Apps more dangerous than human leakers [New Straits Time (Malaysia)]
(New Straits Time (Malaysia) Via Acquire Media NewsEdge) WHILE recent headlines have focused on the leaks by Edward Snowden and United States soldier Private Bradley Manning, the threats from lower profile "mobile pickpockets" who prey on smartphones and tablets may be as dangerous to corporations, telcos and even governments.
Now exiled in Russia, Snowden, a former analyst for the US National Security Agency, disclosed top secret information about the US government's mass surveillance programmes to the media. Manning has been jailed for disclosing military and diplomatic intelligence to WikiLeaks.
However, more insidious threats to enterprises - often emanating from generally accepted global trends to promote office productivity - may generate less media publicity but are a greater threat to financial security or the reputation of enterprises.
First, as more Generation Y executives rely on their own devices, such as laptops and smartphones, at work, an organisation's confidential information is at risk of being disclosed.
"Bring Your Own Device" or BYOD is increasingly a workplace norm as organisations seek to retain younger staff. And as organisations shift towards cloud computing, the ease of linking up various devices is difficult to argue against. However, BYOD has also opened up opportunities for cyber thieves to "phish" for information on the cloud's server, instead of the traditional platform such as personal computers.
The servers reside within the Internet service providers (ISP) that may often have lax controls, allowing hackers to penetrate them without being detected.
Secondly, as there is growing adoption of apps in smartphones and tablets - including for use by enterprises - cyber terrorists can now make use of this platform to commit crime.
A more ominous threat is the increasing popularity of smartphones and tablets apps. Cyber pickpocketing is now scalable through apps, available for download, as worldwide smartphone sales, according to technology analysts International Data Corporation, are expected to rise rapidly over the next few years, reaching 1.7 billion by 2017.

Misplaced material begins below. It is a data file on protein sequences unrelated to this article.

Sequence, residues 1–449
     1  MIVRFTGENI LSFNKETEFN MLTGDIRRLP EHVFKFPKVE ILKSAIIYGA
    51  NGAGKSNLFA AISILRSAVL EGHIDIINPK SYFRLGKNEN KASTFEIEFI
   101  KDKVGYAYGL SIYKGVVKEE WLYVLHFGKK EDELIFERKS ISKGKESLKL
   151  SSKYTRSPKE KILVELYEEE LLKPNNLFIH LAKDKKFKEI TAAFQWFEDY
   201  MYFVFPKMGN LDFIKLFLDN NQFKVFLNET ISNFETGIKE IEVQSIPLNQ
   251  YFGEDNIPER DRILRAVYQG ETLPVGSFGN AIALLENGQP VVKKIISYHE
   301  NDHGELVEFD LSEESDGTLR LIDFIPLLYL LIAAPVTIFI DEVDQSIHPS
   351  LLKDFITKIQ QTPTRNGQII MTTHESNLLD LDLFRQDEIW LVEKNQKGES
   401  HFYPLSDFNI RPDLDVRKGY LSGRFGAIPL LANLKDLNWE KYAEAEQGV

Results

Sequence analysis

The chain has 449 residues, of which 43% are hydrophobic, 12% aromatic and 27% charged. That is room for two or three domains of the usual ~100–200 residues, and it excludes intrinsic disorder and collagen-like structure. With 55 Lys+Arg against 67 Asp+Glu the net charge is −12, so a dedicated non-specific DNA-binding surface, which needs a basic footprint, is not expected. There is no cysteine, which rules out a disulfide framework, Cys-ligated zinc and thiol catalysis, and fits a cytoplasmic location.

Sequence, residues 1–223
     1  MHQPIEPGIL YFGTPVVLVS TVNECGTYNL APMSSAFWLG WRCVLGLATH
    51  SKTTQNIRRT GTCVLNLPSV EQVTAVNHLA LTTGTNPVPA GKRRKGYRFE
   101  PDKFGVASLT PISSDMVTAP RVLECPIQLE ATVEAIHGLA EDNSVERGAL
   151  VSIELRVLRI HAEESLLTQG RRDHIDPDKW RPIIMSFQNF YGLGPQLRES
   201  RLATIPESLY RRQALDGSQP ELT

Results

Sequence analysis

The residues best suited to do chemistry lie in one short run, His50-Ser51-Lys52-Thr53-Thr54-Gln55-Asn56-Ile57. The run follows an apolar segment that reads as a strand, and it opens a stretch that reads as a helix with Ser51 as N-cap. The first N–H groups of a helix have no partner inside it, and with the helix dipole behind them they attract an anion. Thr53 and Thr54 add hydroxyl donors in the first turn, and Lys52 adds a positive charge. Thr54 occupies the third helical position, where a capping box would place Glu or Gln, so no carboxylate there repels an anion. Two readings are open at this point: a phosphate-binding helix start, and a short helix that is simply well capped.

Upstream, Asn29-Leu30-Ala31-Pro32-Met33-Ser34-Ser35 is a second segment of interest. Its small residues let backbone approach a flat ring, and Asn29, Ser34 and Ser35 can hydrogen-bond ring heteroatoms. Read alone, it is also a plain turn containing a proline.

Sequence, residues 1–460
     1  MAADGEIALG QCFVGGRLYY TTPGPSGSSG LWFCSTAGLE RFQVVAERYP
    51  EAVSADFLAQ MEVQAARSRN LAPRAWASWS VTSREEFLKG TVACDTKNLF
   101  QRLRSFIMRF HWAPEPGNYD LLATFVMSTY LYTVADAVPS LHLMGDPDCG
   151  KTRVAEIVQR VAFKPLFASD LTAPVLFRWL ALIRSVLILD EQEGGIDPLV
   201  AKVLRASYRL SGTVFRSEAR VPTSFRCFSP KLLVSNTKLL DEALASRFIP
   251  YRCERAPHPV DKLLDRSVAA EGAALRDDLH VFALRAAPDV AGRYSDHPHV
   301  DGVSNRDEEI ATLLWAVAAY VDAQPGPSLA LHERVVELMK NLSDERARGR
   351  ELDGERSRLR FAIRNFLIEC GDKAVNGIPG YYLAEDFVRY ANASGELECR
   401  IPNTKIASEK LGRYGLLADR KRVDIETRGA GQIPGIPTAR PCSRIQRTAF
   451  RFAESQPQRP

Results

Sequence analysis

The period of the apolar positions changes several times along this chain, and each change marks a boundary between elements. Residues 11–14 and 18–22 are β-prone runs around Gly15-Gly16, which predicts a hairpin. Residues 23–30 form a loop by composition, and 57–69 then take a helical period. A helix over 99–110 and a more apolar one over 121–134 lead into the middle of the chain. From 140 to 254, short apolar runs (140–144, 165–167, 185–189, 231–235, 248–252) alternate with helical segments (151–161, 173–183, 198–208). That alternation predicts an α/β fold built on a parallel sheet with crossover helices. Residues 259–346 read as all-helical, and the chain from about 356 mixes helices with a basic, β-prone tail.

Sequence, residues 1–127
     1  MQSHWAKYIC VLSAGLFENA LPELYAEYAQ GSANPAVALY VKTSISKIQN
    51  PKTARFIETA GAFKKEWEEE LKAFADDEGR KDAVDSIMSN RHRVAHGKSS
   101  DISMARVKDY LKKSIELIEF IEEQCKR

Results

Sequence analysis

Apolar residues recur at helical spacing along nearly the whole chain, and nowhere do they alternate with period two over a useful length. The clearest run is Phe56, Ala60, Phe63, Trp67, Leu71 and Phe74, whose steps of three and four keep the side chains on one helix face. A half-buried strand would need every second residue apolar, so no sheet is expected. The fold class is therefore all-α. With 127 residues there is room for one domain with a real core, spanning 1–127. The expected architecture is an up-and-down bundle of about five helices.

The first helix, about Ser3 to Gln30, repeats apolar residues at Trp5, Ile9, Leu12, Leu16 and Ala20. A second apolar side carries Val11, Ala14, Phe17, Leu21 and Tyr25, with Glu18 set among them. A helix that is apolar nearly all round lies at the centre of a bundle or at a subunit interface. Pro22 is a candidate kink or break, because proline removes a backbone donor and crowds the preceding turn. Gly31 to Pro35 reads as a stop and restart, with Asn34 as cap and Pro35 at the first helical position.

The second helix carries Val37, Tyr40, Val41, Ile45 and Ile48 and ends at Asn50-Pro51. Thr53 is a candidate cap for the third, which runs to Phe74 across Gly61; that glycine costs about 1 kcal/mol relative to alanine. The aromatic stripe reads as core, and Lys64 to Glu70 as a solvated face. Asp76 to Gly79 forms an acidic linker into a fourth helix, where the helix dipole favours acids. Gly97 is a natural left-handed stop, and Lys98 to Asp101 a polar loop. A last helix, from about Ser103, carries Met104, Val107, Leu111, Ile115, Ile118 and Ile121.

Indeed, well away from the headlines, such app-based phishing and malware are a far more ominous and prevalent form of cyber theft. The individual amounts pilfered are insignificant and the theft can go on undetected for months or even years. This has indirectly granted mobile hackers impunity.
Compounding this problem is the recent rush by telcos worldwide to set up their own app stores. Amid falling voice and data average revenue per user rates, telcos are turning to apps to drive mobile- based revenue.
Their haste to set up such stores without proper security invites cybercriminals to create malicious apps with a veneer of legitimacy.
In helping app store owners to set up cyber-defences, Tech Mahindra found iOS to be robust, in preventing potential hacking or phishing. The hackers' strategies often revolve around inserting malicious code into legitimate apps, without invalidating their digital signatures - they look like legitimate apps.
One simple solution is to have apps scanned before they are hosted in app stores. This can be done via a centralised hub that monitors and manages an organisation's security status. Here, an aggregation and management tool translates findings into assessments for review and testing. Once an app is suspected of malicious activity, it is immediately sent back to developers to be fixed.
Cybercriminals have become stealthier than ever, with a German hacking team cracking the iPhone 5S highlight feature - fingerprint recognition - only days after its release. This is attributed to the lack of control by system regulators.
Take BYOD for example. Password and fingerprint authentication may have been implemented to safeguard corporate and personal information, but many organisations do not feel the need for stronger authentication.
Many such organisations also underestimate the importance of tracking and inserting central control over employees' devices, thus, leaving a chasm for cybercriminals.
Organisations should realise that having a technological defence system against cyber criminals is merely a hygiene factor.
While such defences must be in place to safeguard sensitive corporate information, organisations should not overlook the regulation of the use of personal devices in the workplace.
In the high-stakes cat and mouse game enterprises have to engage with cyber rogues, the defence system has to combine simple tools to counter the elusive mobile pickpocket, implement basic procedures to identify online assets and remain alert to the possibility that a disgruntled worker may engage in insider theft to destroy or embarrass his employer.
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